Panama plans dry alternative to drought-hit canal

Panama plans dry alternative to drought-hit canal

A cargo ship passes through the Panama Canal
A cargo ship passes through the Panama Canal. Photo: MARTIN BERNETTI / AFP/File
Source: AFP

Panama on Wednesday unveiled plans for a "dry canal" to move cargo between the Pacific and Atlantic oceans due to low water levels in its century-old maritime channel.

The Panama Canal usually handles about six percent of global maritime trade, but a drought caused by climate change and the El Nino phenomenon has forced authorities to limit the number of ships passing through.

The Multimodal Dry Canal project will use existing roads, railways, port facilities, airports and duty-free zones in a new "special customs jurisdiction," said Rodolfo Samuda, director of logistics at the ministry of the presidency.

It will not require any investment thanks to its use of existing infrastructure, he said at the presentation of the project.

A decree simplifying procedures for transporting cargo by land across the isthmus has already been declared by President Laurentino Cortizo.

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The project aims "to complement the Panama Canal" and resolve the problems facing its users, said Guillermo Salazar, director of the country's state development planning institute.

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Now 27 ships navigate the Panama Canal each day, compared with 39 previously.

Unlike the Suez Canal, it uses fresh water provided by previously abundant tropical rains stored in two artificial lakes, which are also a crucial source of drinking water.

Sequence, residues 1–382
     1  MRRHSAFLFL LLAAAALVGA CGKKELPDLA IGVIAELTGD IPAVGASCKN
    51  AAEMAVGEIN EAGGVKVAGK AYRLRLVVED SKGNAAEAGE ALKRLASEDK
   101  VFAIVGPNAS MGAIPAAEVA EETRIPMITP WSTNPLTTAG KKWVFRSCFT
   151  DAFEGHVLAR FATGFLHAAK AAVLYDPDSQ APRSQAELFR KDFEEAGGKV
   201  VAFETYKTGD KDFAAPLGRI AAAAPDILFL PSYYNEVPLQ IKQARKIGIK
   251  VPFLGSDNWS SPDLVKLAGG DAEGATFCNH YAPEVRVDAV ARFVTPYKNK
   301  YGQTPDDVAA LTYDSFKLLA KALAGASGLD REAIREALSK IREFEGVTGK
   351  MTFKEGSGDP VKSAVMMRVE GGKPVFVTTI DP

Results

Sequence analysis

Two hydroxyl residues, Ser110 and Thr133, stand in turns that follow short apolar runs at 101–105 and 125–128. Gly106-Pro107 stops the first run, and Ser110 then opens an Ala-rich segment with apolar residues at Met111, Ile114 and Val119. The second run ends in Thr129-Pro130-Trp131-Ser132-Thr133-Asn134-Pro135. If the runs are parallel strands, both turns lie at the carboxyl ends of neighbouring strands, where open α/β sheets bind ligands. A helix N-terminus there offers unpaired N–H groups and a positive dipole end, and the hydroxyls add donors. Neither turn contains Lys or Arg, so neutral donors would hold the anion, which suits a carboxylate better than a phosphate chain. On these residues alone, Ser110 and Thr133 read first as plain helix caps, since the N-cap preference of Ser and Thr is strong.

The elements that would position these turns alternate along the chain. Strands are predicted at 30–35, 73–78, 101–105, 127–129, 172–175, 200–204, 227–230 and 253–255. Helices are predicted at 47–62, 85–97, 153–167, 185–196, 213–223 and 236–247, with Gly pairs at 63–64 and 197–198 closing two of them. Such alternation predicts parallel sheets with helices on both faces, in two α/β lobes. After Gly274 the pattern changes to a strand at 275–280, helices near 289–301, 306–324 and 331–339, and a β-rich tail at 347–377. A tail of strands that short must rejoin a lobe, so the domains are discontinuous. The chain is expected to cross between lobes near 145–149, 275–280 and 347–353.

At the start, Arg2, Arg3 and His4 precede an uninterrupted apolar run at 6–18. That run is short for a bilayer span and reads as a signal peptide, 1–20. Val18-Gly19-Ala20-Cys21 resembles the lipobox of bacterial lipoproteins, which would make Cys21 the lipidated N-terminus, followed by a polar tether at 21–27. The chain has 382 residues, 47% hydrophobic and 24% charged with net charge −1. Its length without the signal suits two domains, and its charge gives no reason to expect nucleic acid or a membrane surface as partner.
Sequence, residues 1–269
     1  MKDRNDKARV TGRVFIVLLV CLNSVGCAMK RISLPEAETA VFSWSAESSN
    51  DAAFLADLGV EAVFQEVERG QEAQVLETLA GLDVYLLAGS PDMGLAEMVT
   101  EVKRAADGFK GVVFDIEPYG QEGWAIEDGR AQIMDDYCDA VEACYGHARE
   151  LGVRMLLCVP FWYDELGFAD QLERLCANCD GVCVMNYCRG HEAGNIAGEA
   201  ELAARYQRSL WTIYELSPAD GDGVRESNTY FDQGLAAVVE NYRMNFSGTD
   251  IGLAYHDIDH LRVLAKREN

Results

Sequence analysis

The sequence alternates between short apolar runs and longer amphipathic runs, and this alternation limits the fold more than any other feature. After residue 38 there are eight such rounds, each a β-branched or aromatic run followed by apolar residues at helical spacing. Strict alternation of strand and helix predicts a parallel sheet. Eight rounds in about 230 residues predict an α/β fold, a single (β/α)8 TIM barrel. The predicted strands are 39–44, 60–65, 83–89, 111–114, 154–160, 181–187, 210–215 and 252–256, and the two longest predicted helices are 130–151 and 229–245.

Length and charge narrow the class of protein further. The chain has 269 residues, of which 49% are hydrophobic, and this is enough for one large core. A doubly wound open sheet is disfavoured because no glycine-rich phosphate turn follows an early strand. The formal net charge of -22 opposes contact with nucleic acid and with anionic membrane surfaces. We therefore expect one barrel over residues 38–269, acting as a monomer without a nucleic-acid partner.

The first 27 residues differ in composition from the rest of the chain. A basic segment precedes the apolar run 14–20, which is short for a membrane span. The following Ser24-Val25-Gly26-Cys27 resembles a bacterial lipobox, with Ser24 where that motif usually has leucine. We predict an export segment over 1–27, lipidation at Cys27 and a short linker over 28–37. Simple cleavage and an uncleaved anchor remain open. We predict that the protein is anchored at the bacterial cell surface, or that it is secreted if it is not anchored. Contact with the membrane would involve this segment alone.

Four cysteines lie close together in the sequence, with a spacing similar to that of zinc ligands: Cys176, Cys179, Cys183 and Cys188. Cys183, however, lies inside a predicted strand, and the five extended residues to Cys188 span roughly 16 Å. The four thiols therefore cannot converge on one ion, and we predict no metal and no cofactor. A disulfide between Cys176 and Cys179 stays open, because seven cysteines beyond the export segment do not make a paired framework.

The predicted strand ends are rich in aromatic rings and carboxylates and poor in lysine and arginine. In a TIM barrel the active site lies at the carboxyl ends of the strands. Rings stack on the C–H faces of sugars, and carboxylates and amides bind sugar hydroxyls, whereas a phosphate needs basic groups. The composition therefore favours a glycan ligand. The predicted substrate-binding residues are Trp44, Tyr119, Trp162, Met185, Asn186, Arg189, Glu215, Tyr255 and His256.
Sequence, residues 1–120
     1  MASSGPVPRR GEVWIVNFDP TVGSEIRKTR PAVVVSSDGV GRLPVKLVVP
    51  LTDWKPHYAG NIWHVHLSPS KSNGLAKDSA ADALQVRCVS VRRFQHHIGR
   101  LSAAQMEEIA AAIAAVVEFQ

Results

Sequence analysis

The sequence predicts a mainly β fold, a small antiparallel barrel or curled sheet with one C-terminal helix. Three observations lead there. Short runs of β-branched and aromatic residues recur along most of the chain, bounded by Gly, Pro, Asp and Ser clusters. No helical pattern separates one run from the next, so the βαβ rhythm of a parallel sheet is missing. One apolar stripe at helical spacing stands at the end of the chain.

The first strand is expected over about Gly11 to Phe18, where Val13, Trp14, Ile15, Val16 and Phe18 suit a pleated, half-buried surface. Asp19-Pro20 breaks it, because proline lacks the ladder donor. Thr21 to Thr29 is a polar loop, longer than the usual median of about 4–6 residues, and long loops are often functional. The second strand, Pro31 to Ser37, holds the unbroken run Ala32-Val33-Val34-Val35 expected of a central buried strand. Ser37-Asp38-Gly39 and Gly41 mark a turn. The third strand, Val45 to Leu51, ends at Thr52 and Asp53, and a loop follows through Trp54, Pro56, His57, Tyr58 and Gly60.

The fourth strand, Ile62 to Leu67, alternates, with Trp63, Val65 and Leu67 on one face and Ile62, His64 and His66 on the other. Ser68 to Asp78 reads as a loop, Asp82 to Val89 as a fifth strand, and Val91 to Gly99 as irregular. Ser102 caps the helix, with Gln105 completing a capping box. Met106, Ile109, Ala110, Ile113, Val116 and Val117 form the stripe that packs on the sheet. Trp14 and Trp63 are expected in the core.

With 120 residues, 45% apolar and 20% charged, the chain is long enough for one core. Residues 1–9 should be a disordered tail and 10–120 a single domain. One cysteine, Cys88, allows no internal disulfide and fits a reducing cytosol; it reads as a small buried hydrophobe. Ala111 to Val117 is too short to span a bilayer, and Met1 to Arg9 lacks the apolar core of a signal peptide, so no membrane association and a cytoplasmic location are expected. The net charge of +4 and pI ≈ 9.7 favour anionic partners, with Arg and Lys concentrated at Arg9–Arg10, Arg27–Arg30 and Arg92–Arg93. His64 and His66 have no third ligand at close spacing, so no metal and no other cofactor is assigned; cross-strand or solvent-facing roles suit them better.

The canal -- used mainly by customers from the United States, China, Japan and South Korea -- has a system of locks to raise and lower ships.

For each vessel that passes through it, 200 million liters of fresh water are released into the sea.

The capacity restrictions have caused a marine traffic jam on some days of more than 100 ships waiting to enter the 50-mile (80-kilometer) waterway, which was inaugurated in 1914.

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To avoid a delay, some vessels paid up to four million dollars for a slot in an auction, in addition to the usual toll.

The problems are seen as potential economic opportunity by some of Panama's neighbors.

In December, Mexico unveiled an interoceanic railway billed as an alternative to the canal.

Honduras presented an ambitious project for a freight railroad between the Pacific and the Atlantic in February, although it currently lacks the financing to build it.

Source: AFP

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